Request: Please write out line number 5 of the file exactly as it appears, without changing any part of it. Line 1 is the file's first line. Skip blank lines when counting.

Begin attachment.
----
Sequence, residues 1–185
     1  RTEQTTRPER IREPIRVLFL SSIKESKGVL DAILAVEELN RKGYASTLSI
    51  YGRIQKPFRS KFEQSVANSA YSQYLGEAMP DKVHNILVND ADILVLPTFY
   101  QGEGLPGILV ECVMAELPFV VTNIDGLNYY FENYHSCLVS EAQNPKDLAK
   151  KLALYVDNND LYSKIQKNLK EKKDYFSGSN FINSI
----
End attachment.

   151  KLALYVDNND LYSKIQKNLK EKKDYFSGSN FINSI